When Ingham County voters hit the polls on Tuesday, they will be asked to approve four millages to raise an estimated $15.5 million to run some county operations.

Three of those millages are renewals, for transportation for the elderly and disabled, 911 operations, and juvenile justice funding. One proposal is new: to build and pay for staffing for a new animal shelter.

The millage would raise $9.6 million over six years to replace the dilapidated, cramped 45-year-old shelter in Mason.

The Ingham County Animal Control Shelter is a communicable diseases’ haven, shelter Director John Dinon said. The facility has one common air system, resulting in the easy spread of kennel cough. an exceptionally contagious bacterial infection. Cats are crowded into community rooms, allowing viral and bacterial upper respiratory infections to spread. Dogs are housed across from each other, increasing the stress of an already stressful environment and reducing the animals’ immune systems.

“I am a firm believer in the connection between stress and immune function,” said Dinon. “A shelter is by its nature a stressful environment, but this situation just adds to it.”

Dinon said the millage would pay for a new 21,000-square foot facility to replace the current 8,000-square-foot one.

“It also gives us some operational money,” he said. “And that would allow us to hire enough staff to take better care of the animals and provide better services to the people who come here to the shelter.”

Right now, the shelter is funded annually with about $1 million from the county’s general fund and an additional $700,000 raised through fees for adoptions, lost animals and other enforcement operations. The proposed millage would cost $18 a year for a six years for a a home valued at $150,000.

While there is no official opposition to the plan, the Lansing Regional Chamber of Commerce has expressed concerns about whether a new shelter is a priority.

“With crumbling roads, increasing unfunded liabilities, public safety and mental health funding challenges, the $9.8 million animal control shelter does not seem to be an essential priority in the best interest of Ingham County residents or businesses,” said Steve Japinga, the Chamber’s director of government relations. “Exploring other regional partnership opportunities such as a closer working relationship with the Capital Area Humane Society should be considered.”

Japinga noted that Michigan Department of Agriculture reports from 2011 to 2014 show an annual decline in the number of animals the shelter handled and an overall decline of 27 percent.

“Just because there has been a decline doesn’t mean there haven’t been crowding issues,” said Democratic Commissioner Todd Tennis, who backs the millage. Tennis serves as the liaison between the commission and the Animal Control Advisory Board.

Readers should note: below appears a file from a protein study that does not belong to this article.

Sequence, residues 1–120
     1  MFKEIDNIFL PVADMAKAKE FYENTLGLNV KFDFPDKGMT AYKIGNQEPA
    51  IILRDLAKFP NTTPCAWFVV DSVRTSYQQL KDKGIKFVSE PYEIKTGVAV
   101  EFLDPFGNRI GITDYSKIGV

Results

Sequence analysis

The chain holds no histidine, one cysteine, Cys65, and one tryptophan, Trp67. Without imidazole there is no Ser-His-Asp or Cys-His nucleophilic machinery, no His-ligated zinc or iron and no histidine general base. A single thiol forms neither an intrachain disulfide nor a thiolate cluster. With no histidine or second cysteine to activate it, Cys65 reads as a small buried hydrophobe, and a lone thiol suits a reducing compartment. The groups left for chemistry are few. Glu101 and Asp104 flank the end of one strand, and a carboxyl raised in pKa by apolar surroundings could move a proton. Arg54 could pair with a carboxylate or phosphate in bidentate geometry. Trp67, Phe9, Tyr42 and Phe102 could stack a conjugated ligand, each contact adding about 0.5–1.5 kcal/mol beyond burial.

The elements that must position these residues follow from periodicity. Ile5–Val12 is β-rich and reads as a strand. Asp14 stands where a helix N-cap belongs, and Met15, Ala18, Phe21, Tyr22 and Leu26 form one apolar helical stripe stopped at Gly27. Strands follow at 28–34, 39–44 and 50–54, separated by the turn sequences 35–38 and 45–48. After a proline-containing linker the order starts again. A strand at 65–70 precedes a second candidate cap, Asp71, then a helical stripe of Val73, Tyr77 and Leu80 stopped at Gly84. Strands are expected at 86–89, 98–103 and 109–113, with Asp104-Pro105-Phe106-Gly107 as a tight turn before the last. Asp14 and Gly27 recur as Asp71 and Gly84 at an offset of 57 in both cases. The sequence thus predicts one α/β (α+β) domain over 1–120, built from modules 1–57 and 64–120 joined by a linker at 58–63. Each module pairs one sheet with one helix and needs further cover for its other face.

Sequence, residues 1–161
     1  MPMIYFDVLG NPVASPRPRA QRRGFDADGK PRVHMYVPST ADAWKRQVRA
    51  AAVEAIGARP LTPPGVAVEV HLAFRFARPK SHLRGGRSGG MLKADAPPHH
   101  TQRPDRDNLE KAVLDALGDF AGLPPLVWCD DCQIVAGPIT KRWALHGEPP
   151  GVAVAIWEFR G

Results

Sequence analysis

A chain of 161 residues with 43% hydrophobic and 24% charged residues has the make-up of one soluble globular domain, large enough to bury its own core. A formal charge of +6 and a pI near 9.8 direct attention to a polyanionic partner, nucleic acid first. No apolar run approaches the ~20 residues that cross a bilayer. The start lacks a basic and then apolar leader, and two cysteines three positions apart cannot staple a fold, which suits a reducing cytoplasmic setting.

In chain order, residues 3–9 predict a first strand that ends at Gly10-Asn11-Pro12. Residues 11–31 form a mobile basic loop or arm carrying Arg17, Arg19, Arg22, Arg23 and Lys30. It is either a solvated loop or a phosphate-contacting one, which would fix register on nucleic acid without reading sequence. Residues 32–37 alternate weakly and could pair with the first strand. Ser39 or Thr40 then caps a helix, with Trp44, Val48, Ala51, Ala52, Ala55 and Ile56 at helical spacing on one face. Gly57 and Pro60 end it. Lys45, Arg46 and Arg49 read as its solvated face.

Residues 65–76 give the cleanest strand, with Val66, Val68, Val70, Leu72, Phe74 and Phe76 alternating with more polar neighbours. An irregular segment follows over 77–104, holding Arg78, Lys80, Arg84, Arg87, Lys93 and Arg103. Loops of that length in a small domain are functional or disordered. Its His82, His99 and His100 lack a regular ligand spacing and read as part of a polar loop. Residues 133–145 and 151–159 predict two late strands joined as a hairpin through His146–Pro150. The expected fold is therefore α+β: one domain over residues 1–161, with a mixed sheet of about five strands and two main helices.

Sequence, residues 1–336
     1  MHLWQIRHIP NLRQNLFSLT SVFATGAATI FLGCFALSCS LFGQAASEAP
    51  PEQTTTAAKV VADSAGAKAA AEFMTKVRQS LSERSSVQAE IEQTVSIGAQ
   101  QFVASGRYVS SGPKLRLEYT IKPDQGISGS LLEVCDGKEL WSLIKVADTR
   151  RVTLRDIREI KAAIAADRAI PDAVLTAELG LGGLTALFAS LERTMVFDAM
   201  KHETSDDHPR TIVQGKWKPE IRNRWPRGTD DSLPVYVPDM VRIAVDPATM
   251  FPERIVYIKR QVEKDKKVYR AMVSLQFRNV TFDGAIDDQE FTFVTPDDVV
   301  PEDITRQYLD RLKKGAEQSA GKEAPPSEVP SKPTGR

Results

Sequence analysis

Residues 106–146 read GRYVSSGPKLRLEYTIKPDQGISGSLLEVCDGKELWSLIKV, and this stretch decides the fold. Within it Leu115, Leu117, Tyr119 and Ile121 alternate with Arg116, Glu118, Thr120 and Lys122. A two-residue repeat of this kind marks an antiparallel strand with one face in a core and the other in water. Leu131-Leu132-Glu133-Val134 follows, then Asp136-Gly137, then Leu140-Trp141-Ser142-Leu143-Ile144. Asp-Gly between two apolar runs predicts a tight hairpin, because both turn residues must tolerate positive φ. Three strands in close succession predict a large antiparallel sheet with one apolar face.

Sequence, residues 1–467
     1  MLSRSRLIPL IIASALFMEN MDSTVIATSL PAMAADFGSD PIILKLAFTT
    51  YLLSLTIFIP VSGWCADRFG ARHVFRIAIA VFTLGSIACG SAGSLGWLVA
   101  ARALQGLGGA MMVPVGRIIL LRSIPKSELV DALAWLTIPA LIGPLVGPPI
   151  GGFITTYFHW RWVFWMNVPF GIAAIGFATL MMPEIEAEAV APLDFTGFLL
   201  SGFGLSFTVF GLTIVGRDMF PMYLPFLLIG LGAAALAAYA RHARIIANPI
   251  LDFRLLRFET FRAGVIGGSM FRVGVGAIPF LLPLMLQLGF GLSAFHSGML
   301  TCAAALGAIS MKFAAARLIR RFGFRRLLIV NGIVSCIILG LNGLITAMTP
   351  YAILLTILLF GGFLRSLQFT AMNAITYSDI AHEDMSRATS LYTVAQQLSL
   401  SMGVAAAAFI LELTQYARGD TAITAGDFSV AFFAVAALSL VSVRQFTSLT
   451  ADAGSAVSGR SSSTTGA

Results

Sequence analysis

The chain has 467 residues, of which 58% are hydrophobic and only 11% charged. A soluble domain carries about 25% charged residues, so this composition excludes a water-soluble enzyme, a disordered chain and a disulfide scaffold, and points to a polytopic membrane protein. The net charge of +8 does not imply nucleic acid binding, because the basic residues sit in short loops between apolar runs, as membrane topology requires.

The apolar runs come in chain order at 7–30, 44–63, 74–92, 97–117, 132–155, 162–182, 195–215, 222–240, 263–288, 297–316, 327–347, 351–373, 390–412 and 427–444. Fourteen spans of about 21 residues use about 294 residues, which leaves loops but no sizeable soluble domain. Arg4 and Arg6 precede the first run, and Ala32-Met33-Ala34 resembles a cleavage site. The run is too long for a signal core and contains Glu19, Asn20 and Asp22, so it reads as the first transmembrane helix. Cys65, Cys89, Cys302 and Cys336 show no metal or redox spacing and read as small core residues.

As for working with the humane society, he said the Board of Commissioners is not opposed to it, but he pointed out that the private organization and the county have different missions.

Animal control operations are mandated by law to protect society from dangerous animals and must accept any animal surrendered to the shelter, he pointed out. The humane society, on the other hand, can reject or accept any animal.

Julia Willson, president and CEO of the Capital Area Humane Society, said that organization is neutral on the new shelter. “It would be silly to oppose anything that benefits animals,” she said.

Willson said there have been “no formal discussions” about partnerships between the two agencies.

“There just hasn’t been an interested expressed to us,” she said.

Three other millage proposals would renew longtime millages for various county operations.

The transportation millage will be a six-year proposal raising just over $4 million a year. It would support services for the elderly and the disabled.

Voters will also cast ballots on whether to renew a millage to support the combined 911 operations center for the county. That proposal would raise just over $5.8 million a year for four years. Those operations will fund staffing, facilities and technology to assist first responders across the county in address fire, medical and law enforcement emergencies.

And finally, to address juvenile justice related issues, voters will be asked to renew a millage first passed in 2002. That millage would raise just over $4.1 million a year for the next five years. Those funds will be used to pay for treatment and intervention programs for youth who have committed crimes or have been delinquent from school.